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Worcestershire director of cricket Tom Moody believes Vikram Solanki has attained the consistency required to earn an England recall.
Solanki has flirted with the international scene without ever becoming fully established since making his limited-overs debut four years ago.
There was a brief spell last summer when he figured prominently, scoring 106 against South Africa at The Oval in the NatWest Series and followed it up with a rapid 50 against the Proteas in the final at Lord's.
Vikram Solanki is producing runs consistently for Worcestershire Now Solanki is back in the initial England squad for the ICC Trophy and on Saturday national selector Rodney Marsh saw him make a superb 126 in the C&G Trophy semi-final win over Warwickshire.
Moody said: '"Vikram has been around a long time and he's promised a lot all along the way - but now he is delivering.
"He is delivering consistently and that's what he had to do to get recognised again at the next level.''
Just three appearances after those heroics against South Africa, Solanki found himself out of the reckoning again after managing just 11 runs in three appearances in Bangladesh.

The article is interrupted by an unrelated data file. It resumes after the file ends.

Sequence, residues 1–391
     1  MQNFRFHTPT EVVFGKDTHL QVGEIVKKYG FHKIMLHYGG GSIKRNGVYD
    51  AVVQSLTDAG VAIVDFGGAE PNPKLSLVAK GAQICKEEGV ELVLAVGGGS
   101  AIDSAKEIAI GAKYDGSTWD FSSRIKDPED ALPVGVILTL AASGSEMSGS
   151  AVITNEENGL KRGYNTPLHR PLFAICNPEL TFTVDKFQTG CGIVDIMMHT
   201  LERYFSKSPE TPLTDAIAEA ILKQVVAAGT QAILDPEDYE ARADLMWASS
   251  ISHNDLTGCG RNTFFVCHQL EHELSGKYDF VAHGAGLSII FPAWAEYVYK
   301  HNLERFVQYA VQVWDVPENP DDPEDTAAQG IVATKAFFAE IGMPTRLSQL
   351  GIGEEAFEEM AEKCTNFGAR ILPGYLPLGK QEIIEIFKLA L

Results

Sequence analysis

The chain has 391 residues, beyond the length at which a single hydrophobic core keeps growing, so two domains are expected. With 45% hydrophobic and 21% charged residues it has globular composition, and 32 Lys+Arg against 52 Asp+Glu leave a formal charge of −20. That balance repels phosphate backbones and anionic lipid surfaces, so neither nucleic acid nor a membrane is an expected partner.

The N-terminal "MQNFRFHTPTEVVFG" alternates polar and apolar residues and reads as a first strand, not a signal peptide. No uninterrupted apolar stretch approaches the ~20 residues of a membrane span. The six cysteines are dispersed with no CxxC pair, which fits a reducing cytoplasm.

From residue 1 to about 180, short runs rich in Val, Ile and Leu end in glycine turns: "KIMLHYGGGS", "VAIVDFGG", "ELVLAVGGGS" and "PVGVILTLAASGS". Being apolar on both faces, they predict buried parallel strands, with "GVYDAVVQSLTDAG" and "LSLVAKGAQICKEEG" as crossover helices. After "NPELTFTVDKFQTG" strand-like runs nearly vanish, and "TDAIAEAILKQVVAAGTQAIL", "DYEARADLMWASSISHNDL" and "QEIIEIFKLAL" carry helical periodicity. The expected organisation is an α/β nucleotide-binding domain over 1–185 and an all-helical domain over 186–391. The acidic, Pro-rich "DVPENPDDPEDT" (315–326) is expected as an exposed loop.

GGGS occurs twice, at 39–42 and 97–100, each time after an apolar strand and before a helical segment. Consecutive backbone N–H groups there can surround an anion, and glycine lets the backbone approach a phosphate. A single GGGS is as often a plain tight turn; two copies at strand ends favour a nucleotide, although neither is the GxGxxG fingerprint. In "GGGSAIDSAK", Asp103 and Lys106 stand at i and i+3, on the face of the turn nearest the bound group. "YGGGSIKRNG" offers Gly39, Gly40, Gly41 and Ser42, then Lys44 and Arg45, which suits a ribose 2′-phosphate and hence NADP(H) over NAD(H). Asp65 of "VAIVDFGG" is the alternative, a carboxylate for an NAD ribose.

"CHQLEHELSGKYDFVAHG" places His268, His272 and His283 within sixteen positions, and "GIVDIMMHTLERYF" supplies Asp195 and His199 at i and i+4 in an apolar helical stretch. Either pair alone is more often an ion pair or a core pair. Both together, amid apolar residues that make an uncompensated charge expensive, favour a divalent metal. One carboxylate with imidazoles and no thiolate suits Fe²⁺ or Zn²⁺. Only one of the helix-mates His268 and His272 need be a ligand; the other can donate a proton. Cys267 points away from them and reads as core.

It summed up the way Solanki's career has blown hot and cold since he made his Worcestershire debut as a 19-year-old.
On his day Solanki is a joy to watch with his wristy stroke play and classy shot-making but he has often flattered to deceive.
A return of 464 championship runs at an average of 24 in 2003 did not do justice to his talent.
Solanki in action for England But he has worked hard with Moody since his winter exclusion from the tour of the West Indies and this season has performed week in and week out for his county, and proved yesterday he plays well when it matters most for the Pears.
"The best time to do it is in big games like a semi-final and Vikram does not just bring his batting to the party. He is a wicket-taker in the field and we could all do with people like that.
"Vikram has made a few technical changes for this season. He worked hard from Christmas onwards after the setback of being left out by England and he has been reaping the rewards in championship and one-day cricket.
"He's always going to be there or thereabouts when it comes to international selection. I think if he continues to knock on the door, then they can't continue to ignore the fact that he is there.
"He is such a dangerous player but now also a very mature player.
"I think what he has done is learnt more about his game and, with his technique being more stable than in the past, he is a better player.''
Meanwhile, Warwickshire captain Nick Knight has ruled out a return to one-day cricket with England but still has his dreams of playing at Test level again.
Knight played in 100 limited-overs internationals and averaged over 40 before deciding to retire after the World Cup in April last year.
But he has insisted that there is no chance of him doing a U-turn.
He said: "There is no way I would go back to one-day cricket. I made my decision and I stand by it.
"I still have dreams to play Test cricket again for England but one-day cricket is definitely not for me anymore.''